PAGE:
April 16, 2014
Focus Program on "Towards Mathematical Modeling of Neurological Disease from Cellular Perspectives"
Parkinson's Disease Workshop
May 22-23, 2012


Robert Chen, University of Toronto
Role of the basal ganglia in voluntary movements and mechanisms of deep brain stimulation

We investigated the role of the basal ganglia and thalamus in movement planning and preparation. In patients undergoing deep brain stimulation (DBS) surgery, we recorded simultaneously from scalp electrodes and from DBS electrodes implanted in the subthalamic nucleus (STN) or the pedunculopontine nucleus (PPN) in patients with Parkinson's disease, in the internal globus pallidus (GPi) in patients with dystonia and in the ventrointermediate (VIM) (cerebellar) nucleus of the thalamus in patients with tremor. When patients performed a self-paced wrist extension movement, bilateral premovment potentials or Bereitshaftspotential (BP) were recorded from the STN, PPN, GPi and the VIM about 1.5 to 2 seconds before movement onset, suggesting they are part of a network involved in movement preparation. Before and during self-paced movements, ß oscillations decreased bilaterally which may reflect general motor planning and ? oscillations increased only contralaterally in the GPi, which may reflect specific communications between the cortex and basal ganglia. Dystonia may be associated with excessive 5-18 Hz oscillations. In PD, dopaminergic medications increase the interactions between cortex and PPN. ß oscillations in the PPN increase rather than decrease during the movement planning period, suggesting that it is not antikinetic in the PPN and may explain why therapeutic DBS in the PPN used lower frequencies than in other nuclei in the basal ganglia. In a study in which PD patients received STN DBS at their individualized frequencies based on their local field potential recordings, ß frequency stimulation had no effect but ? frequency stimulation improve PD motor signs, suggesting the ? may be a prokinetic frequency in the STN. In a study that paired transcranial magnetic stimulation (TMS) and DBS, STN DBS was found to increase motor cortex excitability after ~3 ms and ~20 ms, demonstrating that STN DBS can increase motor cortex excitability and is potentially a mechanism of action of DBS. A TMS study also showed that VIM DBS facilitated rather than inhibit transmission in the cerebellothalamocortical pathway, showing that DBS activates rather than inhibit this target area.

Ming Cheng, Brown University
Pattern and Location of HFS-Induced Modulation of Pathological PD Dynamics

High-frequency stimulation (HFS) of the subthalamic nucleus (STN) is known to be effective in Parkinson's Disease (PD) patients, whereas low-frequency stimulation (LFS) is not. We examined single unit spike train activity in the contralateral STN during HFS and LFS of the STN in 8 PD patients during deep brain stimulation (DBS) surgery. We were able to record in the contralateral STN during STN stimulation, where stimulation pulses produce less artifactual interference with single unit data from the recording zone. Combined with the ability to cluster and remove stimulation-related artifact, we were able to better observe and define the features seen in HFS-induced changes to pathological beta oscillation, burstiness, and firing rate.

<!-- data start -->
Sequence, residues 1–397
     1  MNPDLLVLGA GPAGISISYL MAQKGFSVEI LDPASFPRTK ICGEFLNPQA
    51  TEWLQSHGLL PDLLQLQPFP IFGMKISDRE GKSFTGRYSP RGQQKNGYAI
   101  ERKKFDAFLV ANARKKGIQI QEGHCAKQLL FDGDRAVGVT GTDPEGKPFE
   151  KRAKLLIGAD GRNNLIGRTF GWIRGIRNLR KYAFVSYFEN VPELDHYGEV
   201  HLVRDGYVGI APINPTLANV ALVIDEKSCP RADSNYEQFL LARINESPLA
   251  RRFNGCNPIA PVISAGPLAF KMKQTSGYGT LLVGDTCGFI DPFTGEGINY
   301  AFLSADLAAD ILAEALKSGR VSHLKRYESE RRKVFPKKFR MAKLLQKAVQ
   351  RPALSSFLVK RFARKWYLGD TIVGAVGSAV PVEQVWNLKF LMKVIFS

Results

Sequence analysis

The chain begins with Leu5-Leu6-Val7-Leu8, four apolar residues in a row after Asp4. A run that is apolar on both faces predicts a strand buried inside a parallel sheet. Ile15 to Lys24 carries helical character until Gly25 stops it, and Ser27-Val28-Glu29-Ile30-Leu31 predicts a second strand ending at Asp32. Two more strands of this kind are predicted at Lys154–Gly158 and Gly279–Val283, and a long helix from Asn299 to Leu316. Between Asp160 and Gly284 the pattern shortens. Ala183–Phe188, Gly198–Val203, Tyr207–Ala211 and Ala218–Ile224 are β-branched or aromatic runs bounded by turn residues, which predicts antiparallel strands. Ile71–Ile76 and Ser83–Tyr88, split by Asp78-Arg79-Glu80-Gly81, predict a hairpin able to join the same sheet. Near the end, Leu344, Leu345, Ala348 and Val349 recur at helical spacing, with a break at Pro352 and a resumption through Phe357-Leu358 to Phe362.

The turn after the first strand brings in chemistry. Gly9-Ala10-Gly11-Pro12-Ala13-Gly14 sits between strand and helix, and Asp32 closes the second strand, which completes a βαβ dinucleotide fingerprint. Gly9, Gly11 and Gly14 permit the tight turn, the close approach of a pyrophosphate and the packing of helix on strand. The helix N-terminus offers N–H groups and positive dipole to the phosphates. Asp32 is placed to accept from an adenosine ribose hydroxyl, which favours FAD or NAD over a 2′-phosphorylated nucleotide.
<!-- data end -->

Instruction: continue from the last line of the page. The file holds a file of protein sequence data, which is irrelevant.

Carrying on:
We hypothesized, and indeed found, that HFS drives a repetitive network-wide modulation that counteracts systemic pathologic neuronal activity that is not seen with LFS. We also found that this physiological modulation is greatest where DBS (with HFS) happens to make the greatest clinical impact, within the dorsal-most portion of the motor subunit, 1-2mm below the AC-PC plane, in posterolateral STN. We targeted this location based upon our prior observation (Cheng et. al. 2006, 2010) that patients with the most dramatic clinical improvements had their electrodes implanted within this location. We call this location the "sweet spot" for STN PD DBS. Within this "sweet spot", we find modulation of pathological PD dynamics as follows: 1) STN HFS appears to suppresses STN firing counteracting PD STN hyperactivity, whereas STN LFS does not reliably modulate firing rates; 2) firing rate suppression is accompanied by a stereotyped pulse-by-pulse decrement in the propensity to spike in the first 1-2 ms directly after each high frequency stimulation pulse; and 3) there is a stimulation frequency-locked increased probability to spike 3-4ms after each HFS pulse. These findings are not seen with LFS.
With our collaborators, we are now beginning to model the downstream effect of these findings upon beta power, burstiness, and firing rate using biophysical modeling methods and control algorithms. We believe that this work may lead to greater mechanistic understanding of why HFS, but not LFS, modulates the pathological dynamics of Parkinson's Disease. In addition, with the means to detect specific physiological signals related to HFS from the "sweet spot" that appear to correlate with clinical PD improvement, we hope to improve surgical localization and postoperative programming for DBS systems.